Robert T. Yokl, President/CEO, SVAH Solutions
One of the missing elements in most healthcare organizations’ value analysis methodologies is a value analysis job plan, or as Larry Miles, the father of value analysis, says, “A system for use when better than normal results are needed.” This would be the system that each of your value analysis project managers would follow religiously when evaluating, justifying, or investigating any new or existing product, service, or technology. This one thing (a system) could make the difference between a good vs. a great value analysis program at your hospital, system, or IDN. Don’t overlook or disregard this powerful idea!
Why Do We Need a Job Plan or System in Value Analysis?
In short, to prevent your value analysis project managers from “winging it,” you need to have a defined, repeatable, and audible system to guide your VA project managers through their value analysis studies. Remember, if you don’t have a value analysis system, your VA project managers will devise their own VA systems which are typically poorly designed and missing the core elements of a scientific study.
Here are the key elements of a job plan/system that you need to emulate for a great value analysis program:
- Clearly describe system or process to be followed.
- By defined, we mean that you have a distinct process with a number of steps (1,2,3…) that your value analysis project managers are to follow on each and every value analysis project they accept.
- Can be repeated again and again without fail.
- Each of your value analysis studies need to be conducted in the same manner so that you can have consistent, reliable, and uniform VA studies.
- Able to examine system or process for conformity.
- If your VA studies are defined and repeatable, they can then be audited for conformity, compliance, and additional savings opportunities.
These three attributes are the building blocks for a scientific value analysis process that will upgrade the consistency, reliability, and quality of your value analysis studies almost overnight.
Classic Value Analysis Job Plan/System to Model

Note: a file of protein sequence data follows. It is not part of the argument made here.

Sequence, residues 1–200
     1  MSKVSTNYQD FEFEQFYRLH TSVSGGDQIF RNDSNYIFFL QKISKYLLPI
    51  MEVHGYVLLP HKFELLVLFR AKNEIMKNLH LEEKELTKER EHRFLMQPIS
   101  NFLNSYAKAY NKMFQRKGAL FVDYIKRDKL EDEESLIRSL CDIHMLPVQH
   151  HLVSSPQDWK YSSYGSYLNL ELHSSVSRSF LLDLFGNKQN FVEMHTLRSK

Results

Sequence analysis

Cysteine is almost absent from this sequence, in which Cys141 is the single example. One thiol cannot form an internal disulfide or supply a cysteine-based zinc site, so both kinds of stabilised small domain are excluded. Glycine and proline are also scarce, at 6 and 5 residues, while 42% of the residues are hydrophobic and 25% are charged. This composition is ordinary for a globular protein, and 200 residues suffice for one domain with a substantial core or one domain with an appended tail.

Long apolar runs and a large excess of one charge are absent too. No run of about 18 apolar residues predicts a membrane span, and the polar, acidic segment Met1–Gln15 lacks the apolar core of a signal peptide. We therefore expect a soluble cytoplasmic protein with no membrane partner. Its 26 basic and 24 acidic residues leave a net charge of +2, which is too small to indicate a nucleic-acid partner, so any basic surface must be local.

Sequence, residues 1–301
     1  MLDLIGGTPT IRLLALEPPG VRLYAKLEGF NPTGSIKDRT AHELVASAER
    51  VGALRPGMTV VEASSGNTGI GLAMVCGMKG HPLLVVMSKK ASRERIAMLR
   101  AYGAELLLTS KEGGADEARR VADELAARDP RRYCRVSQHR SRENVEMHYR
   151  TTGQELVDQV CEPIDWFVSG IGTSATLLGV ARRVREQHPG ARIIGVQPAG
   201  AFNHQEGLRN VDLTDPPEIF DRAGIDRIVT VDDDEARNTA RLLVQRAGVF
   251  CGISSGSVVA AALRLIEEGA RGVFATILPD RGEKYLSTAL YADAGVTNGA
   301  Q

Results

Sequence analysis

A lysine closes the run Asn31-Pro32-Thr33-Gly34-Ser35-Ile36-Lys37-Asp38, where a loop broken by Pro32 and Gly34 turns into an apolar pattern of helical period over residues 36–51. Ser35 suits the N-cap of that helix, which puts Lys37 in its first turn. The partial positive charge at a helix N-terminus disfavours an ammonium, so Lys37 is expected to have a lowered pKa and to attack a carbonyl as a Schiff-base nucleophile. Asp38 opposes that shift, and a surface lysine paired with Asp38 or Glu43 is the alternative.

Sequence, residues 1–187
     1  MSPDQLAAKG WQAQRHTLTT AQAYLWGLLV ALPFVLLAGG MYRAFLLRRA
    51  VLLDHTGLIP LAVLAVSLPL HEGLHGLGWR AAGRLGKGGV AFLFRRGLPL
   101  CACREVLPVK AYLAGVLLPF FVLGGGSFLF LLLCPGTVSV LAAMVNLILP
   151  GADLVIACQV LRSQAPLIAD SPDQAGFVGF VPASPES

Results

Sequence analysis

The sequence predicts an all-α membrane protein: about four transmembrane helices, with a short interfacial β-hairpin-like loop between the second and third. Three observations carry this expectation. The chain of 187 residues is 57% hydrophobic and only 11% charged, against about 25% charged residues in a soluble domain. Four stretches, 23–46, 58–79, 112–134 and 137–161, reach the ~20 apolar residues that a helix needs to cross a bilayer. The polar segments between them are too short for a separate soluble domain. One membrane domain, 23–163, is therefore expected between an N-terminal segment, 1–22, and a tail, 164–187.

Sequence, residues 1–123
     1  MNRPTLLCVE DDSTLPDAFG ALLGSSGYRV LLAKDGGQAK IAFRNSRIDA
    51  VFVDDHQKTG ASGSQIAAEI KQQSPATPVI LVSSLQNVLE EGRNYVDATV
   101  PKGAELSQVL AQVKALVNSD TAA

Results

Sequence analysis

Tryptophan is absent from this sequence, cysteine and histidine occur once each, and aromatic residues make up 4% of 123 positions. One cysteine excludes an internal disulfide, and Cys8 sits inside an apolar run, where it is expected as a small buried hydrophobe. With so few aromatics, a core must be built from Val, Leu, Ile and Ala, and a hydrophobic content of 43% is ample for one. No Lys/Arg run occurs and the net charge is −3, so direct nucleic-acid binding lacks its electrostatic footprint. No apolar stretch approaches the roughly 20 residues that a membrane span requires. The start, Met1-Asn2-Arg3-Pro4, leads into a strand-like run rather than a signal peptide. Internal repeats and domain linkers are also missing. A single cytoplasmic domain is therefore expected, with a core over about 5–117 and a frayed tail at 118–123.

The classic value analysis job plan/system espoused by Larry Miles can have a number of phases from the beginning to the end of your VA study. Review the typical five-step job plan/system for a successful value analysis study every time.
Within each phase you would have a number of sub steps to follow to complete each phase and link one to the another. For instance, the Information Phase consists of four sub steps: collect data, define the scope of the project, determine evaluation factions, and determine sub team composition. For a complete guidebook on the value analysis job plan/system I would recommend Value Methodology: A Pocket Guide to Reduce and Improve Value Through Function Analysis @ GOALQPC.com.
Value Analysis is More Than a System; It’s a Money-Saving Machine
Value analysis has a 67-year history of saving money and improving quality at some of the largest organizations (General Electric, Whirlpool, Ingersoll-Rand, etc.) in the world. It is a systematic process used by multidisciplinary teams that healthcare organizations use to value justify what they are purchasing from their vendors and GPOs. However, VA can be more than just a system. It can be a money-saving machine if healthcare organizations would employ it to redesign and reinvent the products, services, and technologies they are buying now. So don’t limit the uses of value analysis; expand on its uses (i.e., new and existing products, services, technologies, and processes) so you can benefit from its many opportunities to save money and improve your healthcare organization’s quality.